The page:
VI. Confirmatory and Exploratory

We saw with the brain-as-a-Bayesian-statisticians that the number of hypotheses we can entertain is limited, and we saw with Falsificationism that the best hypotheses are those that differentiate between candidate theories. According to science writer Howard Bloom, for intelligent behavior to emerge, a system does not only need “conformity enforcers” (to coordinate the system), “inner judges” (to test hypotheses), “resource shifters” (to reward successful hypotheses) and “intergroup tournaments” (to ensure that adaptations benefit the entire system), but also “diversity generators” – we must make sure that new hypotheses continually are generated.

In the brain as in science (scientists have brains), this can be thought of as a random, combinatorial play. Activity spreads stochastically with varying degrees of constraint through neural networks to find ideas to associate, and scientists are similarly, via their social environment, exposed to random ideas they encode in their own neural networks. Institutionally, to safe-guard against theoretical blindness and confirmation bias, it is therefore encouraged within science to maintain a free market of ideas and always conceive of alternative explanations in an article’s end discussion.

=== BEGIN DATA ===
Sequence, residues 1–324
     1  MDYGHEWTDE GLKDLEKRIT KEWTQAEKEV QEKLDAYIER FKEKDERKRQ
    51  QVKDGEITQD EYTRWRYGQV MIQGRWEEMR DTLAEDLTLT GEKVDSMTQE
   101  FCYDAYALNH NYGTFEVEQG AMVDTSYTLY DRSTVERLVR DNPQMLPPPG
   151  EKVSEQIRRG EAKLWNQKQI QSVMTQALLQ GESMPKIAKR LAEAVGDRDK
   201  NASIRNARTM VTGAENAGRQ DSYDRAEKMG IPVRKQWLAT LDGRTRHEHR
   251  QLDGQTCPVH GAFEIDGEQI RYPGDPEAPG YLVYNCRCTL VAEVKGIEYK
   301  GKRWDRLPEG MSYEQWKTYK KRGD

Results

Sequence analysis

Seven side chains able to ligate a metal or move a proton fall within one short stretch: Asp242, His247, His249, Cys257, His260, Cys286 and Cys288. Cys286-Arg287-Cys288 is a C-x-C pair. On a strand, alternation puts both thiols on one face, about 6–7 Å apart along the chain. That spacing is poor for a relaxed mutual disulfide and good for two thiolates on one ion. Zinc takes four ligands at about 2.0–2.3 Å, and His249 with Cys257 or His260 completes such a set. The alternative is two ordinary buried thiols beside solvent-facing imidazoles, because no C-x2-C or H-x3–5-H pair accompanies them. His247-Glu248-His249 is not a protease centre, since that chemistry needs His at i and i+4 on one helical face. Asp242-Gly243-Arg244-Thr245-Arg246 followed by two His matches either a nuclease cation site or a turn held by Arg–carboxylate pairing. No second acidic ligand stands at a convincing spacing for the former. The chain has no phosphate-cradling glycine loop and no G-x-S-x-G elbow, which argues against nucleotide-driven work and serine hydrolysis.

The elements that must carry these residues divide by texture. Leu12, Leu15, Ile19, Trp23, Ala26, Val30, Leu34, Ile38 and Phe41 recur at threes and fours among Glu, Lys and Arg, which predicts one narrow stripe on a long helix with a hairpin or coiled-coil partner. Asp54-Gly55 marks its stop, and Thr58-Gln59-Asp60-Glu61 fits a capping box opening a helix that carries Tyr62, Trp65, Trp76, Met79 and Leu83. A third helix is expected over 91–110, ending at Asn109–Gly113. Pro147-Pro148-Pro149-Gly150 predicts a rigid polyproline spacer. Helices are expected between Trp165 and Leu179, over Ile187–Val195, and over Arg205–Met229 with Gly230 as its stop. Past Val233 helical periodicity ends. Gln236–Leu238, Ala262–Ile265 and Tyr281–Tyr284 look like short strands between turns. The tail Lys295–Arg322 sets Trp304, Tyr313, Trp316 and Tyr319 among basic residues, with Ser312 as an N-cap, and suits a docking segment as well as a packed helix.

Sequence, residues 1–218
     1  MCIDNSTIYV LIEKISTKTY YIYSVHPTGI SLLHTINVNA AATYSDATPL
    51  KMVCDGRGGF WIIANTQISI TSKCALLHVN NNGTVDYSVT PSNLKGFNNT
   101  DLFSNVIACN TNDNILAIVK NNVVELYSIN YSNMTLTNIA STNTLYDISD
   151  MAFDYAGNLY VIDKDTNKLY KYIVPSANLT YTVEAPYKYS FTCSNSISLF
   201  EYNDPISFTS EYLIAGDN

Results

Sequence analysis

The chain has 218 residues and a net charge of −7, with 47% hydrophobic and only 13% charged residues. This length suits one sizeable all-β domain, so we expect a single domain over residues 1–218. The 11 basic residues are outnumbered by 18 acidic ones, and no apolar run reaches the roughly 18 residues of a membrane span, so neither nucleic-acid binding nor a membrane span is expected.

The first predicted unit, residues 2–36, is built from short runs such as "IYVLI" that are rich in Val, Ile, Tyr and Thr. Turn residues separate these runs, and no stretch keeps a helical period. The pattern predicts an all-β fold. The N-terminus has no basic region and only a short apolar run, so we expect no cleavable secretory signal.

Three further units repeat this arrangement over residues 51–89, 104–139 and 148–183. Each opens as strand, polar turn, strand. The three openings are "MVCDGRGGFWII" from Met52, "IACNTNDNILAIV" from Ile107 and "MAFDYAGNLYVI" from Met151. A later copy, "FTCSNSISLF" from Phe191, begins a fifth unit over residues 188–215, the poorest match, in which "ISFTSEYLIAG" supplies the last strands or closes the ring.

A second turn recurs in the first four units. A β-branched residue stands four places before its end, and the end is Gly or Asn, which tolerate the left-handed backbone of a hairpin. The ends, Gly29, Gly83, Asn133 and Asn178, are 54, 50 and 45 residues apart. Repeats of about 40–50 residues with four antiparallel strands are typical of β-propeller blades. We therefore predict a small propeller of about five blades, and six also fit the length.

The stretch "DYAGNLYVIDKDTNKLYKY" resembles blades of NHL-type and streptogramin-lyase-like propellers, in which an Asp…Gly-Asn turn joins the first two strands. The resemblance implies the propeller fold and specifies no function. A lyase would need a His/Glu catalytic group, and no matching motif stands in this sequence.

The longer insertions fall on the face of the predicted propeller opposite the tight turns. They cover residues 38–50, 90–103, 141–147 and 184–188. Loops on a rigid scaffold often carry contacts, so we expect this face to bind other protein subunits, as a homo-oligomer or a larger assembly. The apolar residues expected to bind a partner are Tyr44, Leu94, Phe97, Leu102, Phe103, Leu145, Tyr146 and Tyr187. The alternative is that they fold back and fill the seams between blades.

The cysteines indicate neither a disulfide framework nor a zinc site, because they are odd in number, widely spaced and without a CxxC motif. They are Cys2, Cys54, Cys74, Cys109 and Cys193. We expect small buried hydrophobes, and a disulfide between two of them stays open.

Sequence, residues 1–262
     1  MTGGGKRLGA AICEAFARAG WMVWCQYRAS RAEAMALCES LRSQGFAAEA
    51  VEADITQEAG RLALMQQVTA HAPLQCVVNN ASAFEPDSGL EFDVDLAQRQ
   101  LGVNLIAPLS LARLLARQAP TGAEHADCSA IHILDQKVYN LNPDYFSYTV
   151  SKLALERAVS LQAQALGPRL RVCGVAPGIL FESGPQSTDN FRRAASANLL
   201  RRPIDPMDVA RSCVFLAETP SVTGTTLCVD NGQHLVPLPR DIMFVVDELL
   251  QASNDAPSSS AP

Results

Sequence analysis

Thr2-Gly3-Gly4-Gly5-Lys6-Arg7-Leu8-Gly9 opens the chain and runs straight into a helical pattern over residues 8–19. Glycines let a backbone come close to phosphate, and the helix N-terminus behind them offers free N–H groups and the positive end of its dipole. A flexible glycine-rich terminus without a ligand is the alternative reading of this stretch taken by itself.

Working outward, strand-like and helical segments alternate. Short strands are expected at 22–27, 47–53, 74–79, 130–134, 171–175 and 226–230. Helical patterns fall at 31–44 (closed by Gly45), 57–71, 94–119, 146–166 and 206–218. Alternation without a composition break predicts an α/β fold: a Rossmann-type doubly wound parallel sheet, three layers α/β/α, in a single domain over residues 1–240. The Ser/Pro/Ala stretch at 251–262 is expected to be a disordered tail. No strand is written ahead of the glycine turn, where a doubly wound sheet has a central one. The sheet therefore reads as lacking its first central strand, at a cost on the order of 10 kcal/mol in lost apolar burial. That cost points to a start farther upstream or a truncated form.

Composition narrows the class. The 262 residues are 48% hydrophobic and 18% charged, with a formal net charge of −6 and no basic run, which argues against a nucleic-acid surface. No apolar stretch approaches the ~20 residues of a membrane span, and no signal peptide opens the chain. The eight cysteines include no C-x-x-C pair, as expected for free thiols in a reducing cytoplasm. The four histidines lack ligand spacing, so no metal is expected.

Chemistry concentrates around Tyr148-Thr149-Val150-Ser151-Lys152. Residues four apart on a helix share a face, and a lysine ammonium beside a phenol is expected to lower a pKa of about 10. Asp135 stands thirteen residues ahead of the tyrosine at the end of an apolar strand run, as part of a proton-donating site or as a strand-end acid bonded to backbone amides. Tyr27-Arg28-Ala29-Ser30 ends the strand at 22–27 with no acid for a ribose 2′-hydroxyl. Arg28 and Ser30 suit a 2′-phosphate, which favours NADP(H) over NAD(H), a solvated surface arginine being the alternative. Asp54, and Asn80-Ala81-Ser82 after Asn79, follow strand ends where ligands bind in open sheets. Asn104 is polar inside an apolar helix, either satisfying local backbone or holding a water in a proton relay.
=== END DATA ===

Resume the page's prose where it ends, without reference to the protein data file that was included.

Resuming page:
Different research methods vary along a continuum in how constrained the observational filter is. In “qualitative” research, such as interviews, the prior probabilities are weak, and hypotheses emerge over time as promising leads are picked up and shadowy hunches in the minds of the researchers are gradually reinforced. This exploratory, data-driven, “bottom-up” kind of research is necessary in the absence of robust theories. But when we do have a high-prior hypotheses available, we may test these using quantitative methods, such as experiments, which by comparison are deductive, confirmatory and “top-down”. The process can be described as a a “parallel terraced scan”.

"Parallel terraced scan" describes a positive feedback-mechanism believed to play a role in human perception, in which a space of possible hypotheses is explored in parallel, but resources are allocated in proportion to how promising each seems.


If we need to scrap the hypothesis following expensive, focused experimentation, we may have to revert to square one, to the cheap and unfocused information processing of qualitative research. Just like how a brain’s attention can be concentrated or vigilant, science needs both. The important thing, following exploration, is not to double-dip in the same data, since the hypothesis would be selected by virtue of its fitness with that dataset, so to gauge its predictive power, the dataset would have to be fresh.